The Ides of March: A Fable

June 30, 2011
By ShannonJr GOLD, Newton, North Carolina
ShannonJr GOLD, Newton, North Carolina
10 articles 0 photos 4 comments

Favorite Quote:
“He has never been known to use a word that might send a reader to the dictionary.”
William Faulkner (about Ernest Hemingway)

“Does he really think big emotions come from big words?”
Ernest Hemingway (about William Faulkner)


March 15, 2011

The Last Day of All Living Life


Albert Norrington was standing in a long line outside of a book store in some small town in the state of North Carolina. Albert, of course, is an ordinary human being who likes to do things like read, ride bicycles, and even draw a picture or two. Sadly, Albert Norrington is going to die. Albert himself doesn’t know this, how could he? He just has the thought of a new book on his mind. It’s a rather sad doom, to have such material things on your mind like a brand new book.


Of course, Albert is a human being; an insignificant carbon based life form that will die anyways. “BEWARE THE IDES OF MARCH! BEWARE!” yelled Old Man Pete, the crazy man who claims to have been abducted by aliens exactly a year ago today. Albert passes it off as crazy talk and continues to wait in line for his book.


Suddenly a loud gunshot is heard and everyone looks to see that Old Man Pete has apparently taken out a pistol and shot a 10mm bullet through directly through his temple and everyone who cared ran to the scene, but Albert did not believe that it was any of his business and kept on waiting for his book. He wanted that book and he was not going to lose his place in line because someone killed themselves.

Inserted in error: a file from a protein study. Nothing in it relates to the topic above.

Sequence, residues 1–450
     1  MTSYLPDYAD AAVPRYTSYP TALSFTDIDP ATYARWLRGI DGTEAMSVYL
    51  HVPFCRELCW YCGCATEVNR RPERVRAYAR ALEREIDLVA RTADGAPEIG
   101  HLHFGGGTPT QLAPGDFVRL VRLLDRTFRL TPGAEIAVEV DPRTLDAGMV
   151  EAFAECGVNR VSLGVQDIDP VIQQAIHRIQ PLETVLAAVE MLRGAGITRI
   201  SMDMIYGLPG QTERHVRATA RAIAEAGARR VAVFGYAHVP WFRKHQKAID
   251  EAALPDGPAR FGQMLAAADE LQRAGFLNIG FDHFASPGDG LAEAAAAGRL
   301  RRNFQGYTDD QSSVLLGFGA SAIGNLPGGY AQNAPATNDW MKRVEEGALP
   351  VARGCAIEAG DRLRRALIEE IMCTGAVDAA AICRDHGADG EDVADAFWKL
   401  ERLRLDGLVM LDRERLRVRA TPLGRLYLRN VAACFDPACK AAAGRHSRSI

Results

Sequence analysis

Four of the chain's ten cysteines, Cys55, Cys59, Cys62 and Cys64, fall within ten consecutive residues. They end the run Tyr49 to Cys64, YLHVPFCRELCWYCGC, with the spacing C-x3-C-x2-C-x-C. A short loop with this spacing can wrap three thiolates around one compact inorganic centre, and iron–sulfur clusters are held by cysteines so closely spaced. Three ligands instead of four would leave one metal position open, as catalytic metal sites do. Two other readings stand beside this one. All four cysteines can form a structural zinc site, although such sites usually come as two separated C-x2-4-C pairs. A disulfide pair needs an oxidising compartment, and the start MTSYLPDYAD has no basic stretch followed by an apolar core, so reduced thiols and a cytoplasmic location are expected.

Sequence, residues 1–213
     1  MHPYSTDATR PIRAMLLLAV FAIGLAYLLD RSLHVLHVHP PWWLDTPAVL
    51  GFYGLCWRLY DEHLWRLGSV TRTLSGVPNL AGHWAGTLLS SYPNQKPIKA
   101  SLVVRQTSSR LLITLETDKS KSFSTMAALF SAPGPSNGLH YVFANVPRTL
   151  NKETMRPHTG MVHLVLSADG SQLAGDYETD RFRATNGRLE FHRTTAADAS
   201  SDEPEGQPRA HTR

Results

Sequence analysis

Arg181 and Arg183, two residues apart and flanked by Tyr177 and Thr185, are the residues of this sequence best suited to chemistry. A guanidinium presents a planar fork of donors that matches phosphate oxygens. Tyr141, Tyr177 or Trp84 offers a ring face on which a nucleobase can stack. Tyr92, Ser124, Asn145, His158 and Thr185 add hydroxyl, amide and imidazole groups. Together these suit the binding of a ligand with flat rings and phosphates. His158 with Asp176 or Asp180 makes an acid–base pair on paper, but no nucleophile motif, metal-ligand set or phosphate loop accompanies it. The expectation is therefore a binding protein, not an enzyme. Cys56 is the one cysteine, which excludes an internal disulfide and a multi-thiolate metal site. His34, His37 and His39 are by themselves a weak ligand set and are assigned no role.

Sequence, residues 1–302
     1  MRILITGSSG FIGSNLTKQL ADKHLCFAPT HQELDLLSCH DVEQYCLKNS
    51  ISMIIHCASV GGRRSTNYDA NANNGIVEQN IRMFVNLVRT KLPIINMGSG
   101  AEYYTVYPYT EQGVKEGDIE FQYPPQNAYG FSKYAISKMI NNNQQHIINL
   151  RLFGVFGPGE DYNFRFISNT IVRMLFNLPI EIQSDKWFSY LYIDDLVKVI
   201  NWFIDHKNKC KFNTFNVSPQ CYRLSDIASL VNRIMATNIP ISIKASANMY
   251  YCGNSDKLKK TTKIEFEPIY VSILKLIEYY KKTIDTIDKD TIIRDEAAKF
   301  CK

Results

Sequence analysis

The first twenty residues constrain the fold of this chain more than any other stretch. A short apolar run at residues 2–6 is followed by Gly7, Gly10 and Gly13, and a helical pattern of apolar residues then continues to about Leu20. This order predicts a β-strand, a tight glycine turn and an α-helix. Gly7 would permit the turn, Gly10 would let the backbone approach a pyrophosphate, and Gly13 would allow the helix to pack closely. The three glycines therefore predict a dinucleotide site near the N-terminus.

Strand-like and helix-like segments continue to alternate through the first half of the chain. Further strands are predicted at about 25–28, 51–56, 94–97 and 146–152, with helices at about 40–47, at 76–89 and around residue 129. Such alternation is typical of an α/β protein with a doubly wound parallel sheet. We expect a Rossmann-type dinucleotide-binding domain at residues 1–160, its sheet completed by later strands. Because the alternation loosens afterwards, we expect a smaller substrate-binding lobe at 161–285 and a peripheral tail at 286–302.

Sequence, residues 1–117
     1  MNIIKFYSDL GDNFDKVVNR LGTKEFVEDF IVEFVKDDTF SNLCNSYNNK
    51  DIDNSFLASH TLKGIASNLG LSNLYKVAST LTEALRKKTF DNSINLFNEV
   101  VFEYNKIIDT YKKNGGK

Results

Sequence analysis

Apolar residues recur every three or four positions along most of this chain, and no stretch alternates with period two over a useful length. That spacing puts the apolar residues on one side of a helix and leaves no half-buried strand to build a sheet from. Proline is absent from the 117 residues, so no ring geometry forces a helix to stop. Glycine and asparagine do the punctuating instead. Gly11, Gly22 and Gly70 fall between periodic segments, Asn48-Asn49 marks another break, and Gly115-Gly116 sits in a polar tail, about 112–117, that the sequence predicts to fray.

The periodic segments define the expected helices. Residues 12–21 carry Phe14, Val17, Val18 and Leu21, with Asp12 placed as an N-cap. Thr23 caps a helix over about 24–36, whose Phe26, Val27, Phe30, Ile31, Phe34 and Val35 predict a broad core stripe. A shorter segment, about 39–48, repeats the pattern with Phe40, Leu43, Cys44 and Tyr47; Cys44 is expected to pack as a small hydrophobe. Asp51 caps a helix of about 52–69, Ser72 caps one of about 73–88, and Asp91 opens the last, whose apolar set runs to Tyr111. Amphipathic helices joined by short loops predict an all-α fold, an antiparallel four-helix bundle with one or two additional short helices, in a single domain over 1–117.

Then Albert noticed that the sky was getting darker, but then passed it off as rain without looking even attempting to look at what it really was. He was focused on his book, and did not care what meaningless precipitation would fall from the sky, he wanted his book. He then heard a woman scream as the sky got darker and darker until the sun was completely eclipsed. Albert looked up to the sky and saw a large, black, floating monolith and turned back to the bookstore. He wanted his book.


“You foolish humans, you should listen when someone tells you the truth, instead of mindlessly continuing your meaningless materialistic activities.” said a robotic voice from the sky and then a large beam of light swept the surface, killing everyone in sight, including Albert.

Albert never got his book.


The author's comments:
I was sitting in my English class while we were reading Julius Caesar, and we got to the point where the soothsayer warns of the Ides of March or when the Roman conspirators were planning to kill Caesar, and I immediately thought about what it would be like if a man warned of the end of the world and nobody listened to him because he was a crazy old man. Then I thought of the main character Albert, who represents a main human flaw and this flaw kept him from seeing what was before him...the end.

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